If the French experience is anything to go by, animation is clearly the film and television genre most open to international co-production. It accounts for about 31 percent of all French film and TV exports. International co-production in animation is growing, and in many cases, French companies are taking the lead on new projects.
According to the Centre national de la cinématographie (CNC), foreign financing, either in the form of co-productions or pre-sales, still represents the main financing source for animation programming. The need for foreign partners is the result of a decrease in domestic broadcaster funding (16 percent on average for animation programs compared to up to 60 percent in the case of live-action adult drama).
International co-productions have focused mainly on 26-minute series.
Today, foreign funding comes largely from the United States (26.6 percent) and Canada (25 percent). U.S. producers working with France can take advantage of public funding from the CNC, as well as having their co-productions qualify as European content and thus avoid being caught up in quota limitations.
Canada, which has become known for its expertise and efficiency as a co-production partner, benefits from a mini-treaty signed in 1985 with France. The partners can share financing, creative and technical services. Nelvana, Cinar and Cine Groupe are three of the leading Canadian co-production partners.
Partnerships with other European countries now represent less than half of French animation co-productions. Germany is the leader with almost a 50 percent investment in 16 shows, while French-speaking territories like Switzerland and Belgium participate through pre-sales because of the limited resources of their domestic broadcasters.
Europe is also taking advantage of the Cartoon Forum for co-productions that has been running for the past five years through the European Media Program.
Co-production means sharing work and controlling a complex system, and French producers have, over the past several years, become increasingly familiar with how it works.
Following are some of France’s key players:
Created in May 1995, the Gaumont TV subsidiary headed by Marc du Pontavice is out to become a leading European studio. Du Pontavice started by financing his first series through co-production. He wants to position his studio on the international market as a producer and supplier of mainstream action-adventure series and fresh, provocative sitcom-like original cartoons, for more-adult audiences.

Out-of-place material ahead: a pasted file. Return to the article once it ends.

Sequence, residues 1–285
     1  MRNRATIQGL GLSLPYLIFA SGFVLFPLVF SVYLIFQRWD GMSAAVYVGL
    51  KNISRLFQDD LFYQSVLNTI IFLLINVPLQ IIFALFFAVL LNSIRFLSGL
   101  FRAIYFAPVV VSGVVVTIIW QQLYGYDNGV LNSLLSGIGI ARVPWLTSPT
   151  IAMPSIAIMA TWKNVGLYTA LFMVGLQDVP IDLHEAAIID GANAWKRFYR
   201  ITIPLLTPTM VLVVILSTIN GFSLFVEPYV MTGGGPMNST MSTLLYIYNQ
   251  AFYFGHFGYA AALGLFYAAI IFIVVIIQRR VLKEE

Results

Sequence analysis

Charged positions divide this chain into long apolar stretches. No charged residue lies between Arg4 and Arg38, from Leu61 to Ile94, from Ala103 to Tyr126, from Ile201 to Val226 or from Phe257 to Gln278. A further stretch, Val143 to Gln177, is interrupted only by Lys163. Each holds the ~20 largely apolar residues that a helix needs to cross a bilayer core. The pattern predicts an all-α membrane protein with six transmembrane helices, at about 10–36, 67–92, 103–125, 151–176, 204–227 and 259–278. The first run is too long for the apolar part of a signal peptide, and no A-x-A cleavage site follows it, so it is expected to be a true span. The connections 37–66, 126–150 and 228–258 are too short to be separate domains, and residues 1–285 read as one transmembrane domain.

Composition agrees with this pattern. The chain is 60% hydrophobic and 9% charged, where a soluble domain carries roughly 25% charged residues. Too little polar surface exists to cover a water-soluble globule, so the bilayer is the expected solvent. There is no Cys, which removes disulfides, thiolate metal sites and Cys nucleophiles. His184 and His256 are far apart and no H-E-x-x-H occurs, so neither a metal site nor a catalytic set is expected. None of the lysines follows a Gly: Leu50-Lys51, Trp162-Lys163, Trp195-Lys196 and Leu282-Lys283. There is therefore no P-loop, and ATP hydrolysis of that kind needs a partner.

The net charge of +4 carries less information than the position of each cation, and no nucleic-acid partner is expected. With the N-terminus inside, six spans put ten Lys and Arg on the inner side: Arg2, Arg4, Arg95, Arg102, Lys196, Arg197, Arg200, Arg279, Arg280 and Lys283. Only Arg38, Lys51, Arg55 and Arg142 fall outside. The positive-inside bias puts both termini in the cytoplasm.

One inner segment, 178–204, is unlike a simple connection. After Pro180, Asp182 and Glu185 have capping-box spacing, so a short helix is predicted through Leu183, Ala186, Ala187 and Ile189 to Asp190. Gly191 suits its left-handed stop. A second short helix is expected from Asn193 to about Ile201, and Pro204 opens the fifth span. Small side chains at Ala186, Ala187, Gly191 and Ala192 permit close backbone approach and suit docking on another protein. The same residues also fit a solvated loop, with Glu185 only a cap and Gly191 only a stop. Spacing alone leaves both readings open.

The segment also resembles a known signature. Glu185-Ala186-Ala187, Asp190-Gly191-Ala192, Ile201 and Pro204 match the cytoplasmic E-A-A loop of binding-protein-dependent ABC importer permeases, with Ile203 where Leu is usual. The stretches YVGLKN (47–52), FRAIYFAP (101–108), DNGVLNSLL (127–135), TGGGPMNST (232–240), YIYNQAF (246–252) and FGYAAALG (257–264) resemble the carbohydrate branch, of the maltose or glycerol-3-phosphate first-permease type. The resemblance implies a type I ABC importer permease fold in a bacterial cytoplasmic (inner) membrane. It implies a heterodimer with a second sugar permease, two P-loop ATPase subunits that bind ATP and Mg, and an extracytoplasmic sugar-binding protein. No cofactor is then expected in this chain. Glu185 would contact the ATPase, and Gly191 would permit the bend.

For Gaumont Multimedia, the lucrative U.S. market is a key in its growth plans, even though the company is closely looking at cooperating with Great Britain and Germany as well.
Gaumont Multimedia was behind the series Highlander: The Animated Series (40 x 26 minutes) budgeted at US$14.5 million, and co-produced with M6 and financed in part by Bohbot Entertainment for syndication. The Olympic Show (52 x 26 minutes), with a budget of US$9 million, is co-produced by Gaumont TV, Nelvana and Mate Productions in cooperation with the CIO. More recent shows include: Home To Rent (52 x 13 minutes), which is a mix of traditional U.S. animation, and a fresh sitcom (to air next September) with a budget of US$10 million, co-produced with France 3, Germany’s Pro 7 and developed with CBS.
Abrams Gentile Entertainment (AGE) in the U.S. and Gaumont Multimedia are co-producing two 26 x 26-minute series: Sky Dancers and Dragon Flyz. Both projects are produced in France and each episode is budgeted at about US$360,000 to $375,000. As part of the agreement, both companies are financing the series, with AGE handling domestic syndication and Gaumont taking all international rights.
Gaumont Multimedia is now moving full steam ahead with three series each year. Co-productions also include the development of animated video games.
When Saban International in Paris was founded in 1977, the company aimed to produce French music titles for television series, including children’s programs. In late 1990, Saban built an animation production studio with the objective of creating and producing animated series for the European market, as well as for broadcast in the U.S.
Now, Saban ranks among the largest French animation companies with successful co-production relationships with European producers and broadcasters. The company is developing European characters with international appeal and strong licensing potential.
Since 1992, Saban has co-produced Around the World in 80 Dreams (26 x 26 minutes); Saban’s Gulliver’s Travels with Reteitalia, Telecinco in Spain, TF1 and Canal+ in France; Journey to the Heart of the World (26 x 26 minutes) with Media Films TV, France 3 and Canal+ in France and ZDF in Germany; Iznogoud (53 x 13 minutes) with Canal+ and France 2, RTL in Holland, Belvision studio in Belgium and RTL in Germany.
The studio’s slate of programs in development or production also includes The Why Why Family (130 x 5 minutes) for France 3 and Rai; Walter Melon (26 x 26 minutes) with France 2, Canal+ and the BBC; Princesse Sissi (52 x 26 minutes) with France 3 and Rai; and Jim Button (26 x 26 minutes).
In addition to series for the European market, Saban, in association with European broadcasters, two years ago began producing programs primarily intended for the U.S. market, like Space Strikers for UPN and Creepy Crawlers for syndication.